Our Street

Jan Petersen

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If ever a book had an unusual genesis. It belongs to that hybrid category ‘faction’, but the choice wasn’t a literary contrivance, it was dictated by life-threatening circumstances. In the author’s own words:

‘I know what will happen to me if I fall into the hands of the Nazis with these records. I didn’t write at all this week. I came to close to burning everything. The difficulties just seemed too great. I have been trying to find another place to live where I can write, but it would have to be with comrades, and they are just as involved in underground work as I am. There could be a sudden a house search at their homes too. The place where I keep the written page is not absolutely safe either. But during this last week when I didn’t write I couldn’t find inner peace either. I was weighed down by a spiritual urgency that has compelled me to go on writing now. I must write all this down! We must manage to get this manuscript abroad. It must help to shake people’s consciences awake.’

Our Street is an account of left-wing resistance to Nazism in the Charlottenburg district of Berlin between January 1933 and June 1934, in other words, from just before Hitler became Chancellor to the early days of Nazi government. The street in question is Wallstrasse. It suffered particular brutality in revenge for the killing of a Stormtrooper.

At the beginning of the book the names of eighteen victims are printed, ‘The Charlottenburg Death List’. These names are real but they don’t tell the whole story. As the translator, Betty Rensen, says in her foreword, ‘But many more murders and executions have taken place: they could not all be recounted here, because of the possible repercussions on relatives and friends. The author had, therefore, to be content with the names in the death-list. These names are all well known in Berlin-Charlottenburg, and in some cases the families have emigrated beyond the reach of Nazi ”justice”.’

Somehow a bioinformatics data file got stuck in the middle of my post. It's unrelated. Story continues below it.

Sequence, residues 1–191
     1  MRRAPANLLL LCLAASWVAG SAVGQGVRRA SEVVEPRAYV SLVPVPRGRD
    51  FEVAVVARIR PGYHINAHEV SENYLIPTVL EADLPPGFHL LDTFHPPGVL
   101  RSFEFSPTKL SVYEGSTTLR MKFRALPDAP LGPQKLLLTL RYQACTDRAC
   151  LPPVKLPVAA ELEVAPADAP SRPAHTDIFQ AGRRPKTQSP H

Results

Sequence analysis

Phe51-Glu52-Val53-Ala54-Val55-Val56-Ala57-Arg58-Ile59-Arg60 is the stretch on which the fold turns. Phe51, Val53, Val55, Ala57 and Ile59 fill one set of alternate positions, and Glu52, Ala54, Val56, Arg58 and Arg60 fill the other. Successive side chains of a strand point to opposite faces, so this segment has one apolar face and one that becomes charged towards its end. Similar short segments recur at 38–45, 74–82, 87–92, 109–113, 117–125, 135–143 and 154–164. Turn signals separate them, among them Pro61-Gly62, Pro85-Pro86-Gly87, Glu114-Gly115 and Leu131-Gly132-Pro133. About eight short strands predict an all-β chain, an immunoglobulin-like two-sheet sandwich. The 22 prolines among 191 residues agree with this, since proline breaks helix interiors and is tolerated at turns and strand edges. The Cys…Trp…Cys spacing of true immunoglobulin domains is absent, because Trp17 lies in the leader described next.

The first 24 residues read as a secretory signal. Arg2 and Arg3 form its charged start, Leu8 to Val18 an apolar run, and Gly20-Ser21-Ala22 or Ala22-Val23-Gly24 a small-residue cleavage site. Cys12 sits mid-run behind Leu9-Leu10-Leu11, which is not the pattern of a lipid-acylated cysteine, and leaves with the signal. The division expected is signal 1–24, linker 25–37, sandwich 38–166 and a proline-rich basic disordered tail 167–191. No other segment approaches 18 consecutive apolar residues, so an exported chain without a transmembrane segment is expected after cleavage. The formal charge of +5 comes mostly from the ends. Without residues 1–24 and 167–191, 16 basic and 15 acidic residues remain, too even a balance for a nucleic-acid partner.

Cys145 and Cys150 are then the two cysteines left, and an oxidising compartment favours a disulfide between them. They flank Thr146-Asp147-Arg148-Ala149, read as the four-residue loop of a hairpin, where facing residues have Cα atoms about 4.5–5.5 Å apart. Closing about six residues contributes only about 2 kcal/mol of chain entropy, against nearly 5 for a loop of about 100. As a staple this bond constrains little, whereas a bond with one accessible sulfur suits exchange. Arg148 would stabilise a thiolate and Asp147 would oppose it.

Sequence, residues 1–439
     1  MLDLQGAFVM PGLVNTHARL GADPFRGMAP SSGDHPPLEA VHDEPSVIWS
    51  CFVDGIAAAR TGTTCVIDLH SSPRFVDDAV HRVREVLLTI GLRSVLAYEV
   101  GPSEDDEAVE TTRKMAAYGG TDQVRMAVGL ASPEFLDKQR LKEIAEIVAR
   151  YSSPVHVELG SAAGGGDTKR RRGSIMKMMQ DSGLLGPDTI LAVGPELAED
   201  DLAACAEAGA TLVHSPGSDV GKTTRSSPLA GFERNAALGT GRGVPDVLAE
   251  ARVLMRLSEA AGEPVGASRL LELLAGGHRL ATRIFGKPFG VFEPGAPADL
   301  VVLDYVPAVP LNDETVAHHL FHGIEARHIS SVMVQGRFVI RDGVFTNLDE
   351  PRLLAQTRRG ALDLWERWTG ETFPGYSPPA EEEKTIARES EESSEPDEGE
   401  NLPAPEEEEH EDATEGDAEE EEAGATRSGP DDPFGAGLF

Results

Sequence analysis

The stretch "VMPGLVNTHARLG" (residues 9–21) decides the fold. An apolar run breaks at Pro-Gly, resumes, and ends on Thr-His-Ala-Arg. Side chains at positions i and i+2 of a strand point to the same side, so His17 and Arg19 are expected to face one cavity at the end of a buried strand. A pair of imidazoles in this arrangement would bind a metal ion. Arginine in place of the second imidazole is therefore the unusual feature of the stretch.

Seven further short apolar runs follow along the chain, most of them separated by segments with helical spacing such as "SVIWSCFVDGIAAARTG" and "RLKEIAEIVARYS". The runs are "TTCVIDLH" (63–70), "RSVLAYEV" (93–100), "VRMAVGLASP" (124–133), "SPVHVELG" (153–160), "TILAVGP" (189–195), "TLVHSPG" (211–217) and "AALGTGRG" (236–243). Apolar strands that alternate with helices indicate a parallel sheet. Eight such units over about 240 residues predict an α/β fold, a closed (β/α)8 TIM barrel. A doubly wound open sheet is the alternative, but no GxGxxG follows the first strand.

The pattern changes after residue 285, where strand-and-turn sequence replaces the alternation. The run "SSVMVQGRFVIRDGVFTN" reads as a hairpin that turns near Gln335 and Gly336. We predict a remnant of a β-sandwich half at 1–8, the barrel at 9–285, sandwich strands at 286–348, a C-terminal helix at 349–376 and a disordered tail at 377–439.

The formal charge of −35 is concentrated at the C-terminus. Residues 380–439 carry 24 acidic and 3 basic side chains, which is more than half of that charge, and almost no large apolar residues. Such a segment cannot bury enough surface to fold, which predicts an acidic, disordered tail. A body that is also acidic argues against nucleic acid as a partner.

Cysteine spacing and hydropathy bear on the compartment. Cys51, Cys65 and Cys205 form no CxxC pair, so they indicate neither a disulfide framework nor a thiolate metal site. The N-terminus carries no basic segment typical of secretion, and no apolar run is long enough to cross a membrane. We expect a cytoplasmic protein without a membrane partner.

The story of how the manuscript was smuggled out of the country is almost one of tragi-comedy. The author dressed as if going for a ski-ing holiday. The customs examination was thorough until, that is, it came to checking the rucksack. It appeared to contain two enormous cakes. Feigning embarrassment, Jan Petersen, explained, ‘Well, you know what women are, don’t you? I told my wife I was only going away for three days, but she would go and bake me two whopping big cakes. It’ll take me a week to eat one. Just look at the size of them.’ The official was all smiling complaisance, his wife being just the same, he said. Inside the cakes the manuscript had been baked!

The English translation of Our Street was published in 1938 in Gollancz’s Left Book Club. Victor Gollancz himself called it ‘vivid and exciting’. It still is.


Jan Petersen was a Communist. He led a resistance group of German anti-fascist writers between 1933 and 1935. He emigrated to Switzerland, France and then England during the late thirties and was deprived of German citizenship by the Nazis. He returned to East Germany after the war and was awarded a number of literary prizes.

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